Sedimentary models that apply to the Middle Miocene succession in Amazonia are controversial. Although tidally-influenced sedimentary deposits have been described from several locations, the identification of brackish-water or marine facies has been hampered by limited outcrop exposure. Also, ichnological data largely have been ignored.
This study focuses on ichnological and sedimentological relationships observed in outcropping strata of the Solimoes Formation (Middle Miocene) along the Acre River in western Brazil and northern Bolivia. The studied strata comprise a fine-grained lower unit that is sharply overlain by dipping, interbedded sands and muds, known as inclined heterolithic stratification (IHS). The IHS is present throughout the length of the outcrop, about 80m. The outcropping strata are interpreted to represent two depositional subenvironments: (1) A lower unit that resulted from sediment accumulation in a shallow, restricted, subaqueous depositional environment. The deposit ultimately became emergent with subsequent paleosol development. (2) An upper unit dominated by marginal marine point-bar deposits that developed in a channel. Trace fossils observed in the upper unit provide evidence that mesohaline waters occupied the channel at the time of sediment accumulation. This is supported most strongly by the presence of Scolicia, a common marine trace fossil, and reburrowed (composite) Ophiomorpha. The resultant ichnofabric represents a response to sedimentary events that demonstrates the IHS beds reflect seasonal or annual cyclicity.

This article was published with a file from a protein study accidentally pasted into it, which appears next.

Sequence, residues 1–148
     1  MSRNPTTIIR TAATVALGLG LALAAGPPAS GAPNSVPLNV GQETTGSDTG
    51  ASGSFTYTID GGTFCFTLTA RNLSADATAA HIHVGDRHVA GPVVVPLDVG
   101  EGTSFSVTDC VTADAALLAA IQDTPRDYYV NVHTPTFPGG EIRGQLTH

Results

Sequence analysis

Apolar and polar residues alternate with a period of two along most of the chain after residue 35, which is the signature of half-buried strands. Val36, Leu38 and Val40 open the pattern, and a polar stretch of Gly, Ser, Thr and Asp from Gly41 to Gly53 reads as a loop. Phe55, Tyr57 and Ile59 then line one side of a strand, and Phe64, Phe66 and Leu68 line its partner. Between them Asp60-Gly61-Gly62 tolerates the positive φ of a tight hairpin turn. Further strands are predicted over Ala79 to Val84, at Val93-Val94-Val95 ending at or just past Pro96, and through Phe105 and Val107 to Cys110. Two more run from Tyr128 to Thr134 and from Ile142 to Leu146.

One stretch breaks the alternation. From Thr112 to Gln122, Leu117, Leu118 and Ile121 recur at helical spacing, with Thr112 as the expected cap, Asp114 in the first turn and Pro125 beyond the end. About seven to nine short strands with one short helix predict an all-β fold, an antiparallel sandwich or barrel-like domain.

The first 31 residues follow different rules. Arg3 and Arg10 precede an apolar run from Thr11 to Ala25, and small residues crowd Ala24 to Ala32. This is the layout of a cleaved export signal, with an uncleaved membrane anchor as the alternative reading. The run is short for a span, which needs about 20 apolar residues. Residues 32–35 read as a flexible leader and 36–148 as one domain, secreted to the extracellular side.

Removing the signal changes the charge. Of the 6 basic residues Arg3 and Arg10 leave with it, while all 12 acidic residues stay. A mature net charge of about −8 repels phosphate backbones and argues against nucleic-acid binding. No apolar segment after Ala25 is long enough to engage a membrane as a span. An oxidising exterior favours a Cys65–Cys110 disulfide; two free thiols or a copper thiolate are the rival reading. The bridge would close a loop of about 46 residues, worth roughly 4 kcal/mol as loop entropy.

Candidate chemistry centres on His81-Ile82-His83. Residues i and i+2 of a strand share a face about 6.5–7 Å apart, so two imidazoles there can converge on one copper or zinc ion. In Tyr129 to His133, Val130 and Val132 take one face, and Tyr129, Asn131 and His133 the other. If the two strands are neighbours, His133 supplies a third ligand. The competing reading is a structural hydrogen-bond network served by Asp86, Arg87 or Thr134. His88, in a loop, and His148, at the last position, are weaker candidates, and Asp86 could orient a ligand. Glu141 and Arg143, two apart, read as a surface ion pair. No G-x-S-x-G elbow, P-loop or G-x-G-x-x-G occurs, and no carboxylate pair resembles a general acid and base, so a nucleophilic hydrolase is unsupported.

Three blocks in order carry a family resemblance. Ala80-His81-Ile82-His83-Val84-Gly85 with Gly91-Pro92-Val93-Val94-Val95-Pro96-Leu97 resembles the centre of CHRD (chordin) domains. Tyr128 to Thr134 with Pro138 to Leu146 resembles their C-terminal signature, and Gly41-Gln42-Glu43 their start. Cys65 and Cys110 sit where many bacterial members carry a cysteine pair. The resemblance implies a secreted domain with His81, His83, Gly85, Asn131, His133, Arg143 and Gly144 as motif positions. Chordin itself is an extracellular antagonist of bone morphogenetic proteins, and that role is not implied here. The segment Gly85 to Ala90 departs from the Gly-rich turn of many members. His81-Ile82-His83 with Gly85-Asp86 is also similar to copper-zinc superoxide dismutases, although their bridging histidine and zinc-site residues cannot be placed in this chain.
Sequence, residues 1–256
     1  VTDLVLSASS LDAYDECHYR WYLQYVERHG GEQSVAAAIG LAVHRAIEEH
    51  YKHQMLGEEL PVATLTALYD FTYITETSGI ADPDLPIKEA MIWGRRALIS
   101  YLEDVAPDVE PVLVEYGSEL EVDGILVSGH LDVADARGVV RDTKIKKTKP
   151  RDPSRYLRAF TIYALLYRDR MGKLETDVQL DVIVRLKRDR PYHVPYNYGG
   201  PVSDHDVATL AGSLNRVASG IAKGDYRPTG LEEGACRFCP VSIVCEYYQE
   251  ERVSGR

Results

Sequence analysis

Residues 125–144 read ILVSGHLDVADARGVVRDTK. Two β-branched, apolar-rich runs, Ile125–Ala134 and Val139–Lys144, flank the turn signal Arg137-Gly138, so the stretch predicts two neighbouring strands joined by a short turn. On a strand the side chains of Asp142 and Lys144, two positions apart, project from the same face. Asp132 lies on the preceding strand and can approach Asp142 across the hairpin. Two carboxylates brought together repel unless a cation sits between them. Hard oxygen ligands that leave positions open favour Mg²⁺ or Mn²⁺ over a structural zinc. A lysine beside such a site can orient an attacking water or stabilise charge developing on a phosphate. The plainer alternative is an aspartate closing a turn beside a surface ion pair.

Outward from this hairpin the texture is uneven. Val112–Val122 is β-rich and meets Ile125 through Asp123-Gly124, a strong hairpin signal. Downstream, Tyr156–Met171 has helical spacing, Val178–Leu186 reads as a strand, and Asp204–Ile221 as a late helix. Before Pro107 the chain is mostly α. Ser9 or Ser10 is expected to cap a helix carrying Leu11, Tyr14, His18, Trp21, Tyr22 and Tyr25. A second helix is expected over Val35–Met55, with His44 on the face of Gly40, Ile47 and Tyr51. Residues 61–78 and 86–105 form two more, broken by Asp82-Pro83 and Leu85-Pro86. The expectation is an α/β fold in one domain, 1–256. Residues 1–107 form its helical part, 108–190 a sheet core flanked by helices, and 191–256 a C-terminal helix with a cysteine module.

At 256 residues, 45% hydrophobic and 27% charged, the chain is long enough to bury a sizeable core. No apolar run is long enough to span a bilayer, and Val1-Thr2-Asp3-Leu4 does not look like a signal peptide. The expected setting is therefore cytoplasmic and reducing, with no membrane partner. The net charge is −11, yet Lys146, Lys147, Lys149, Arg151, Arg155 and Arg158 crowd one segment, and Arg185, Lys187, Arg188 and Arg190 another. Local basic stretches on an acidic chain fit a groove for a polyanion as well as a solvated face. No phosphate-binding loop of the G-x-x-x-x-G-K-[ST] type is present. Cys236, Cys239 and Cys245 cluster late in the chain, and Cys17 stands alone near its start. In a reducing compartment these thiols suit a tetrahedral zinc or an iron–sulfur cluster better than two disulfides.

The analysis of the river-exposed outcrop at Boca de Santa Pedro, Brazil, leads to four conclusions: (1) the IHS exposed in the upper portion of this deposit are possibly tidally influenced and almost certainly accumulated in a brackish-water channel; (2) if IHS are bioturbated, their temporal significance can be assessed; (3) seasonal fluctuations in discharge were significant enough to alter depositional and biological processes in this paleochannel, and; (4) brackish-water incursion into Amazonia during the Middle Miocene can be traced as far south as northern Bolivia.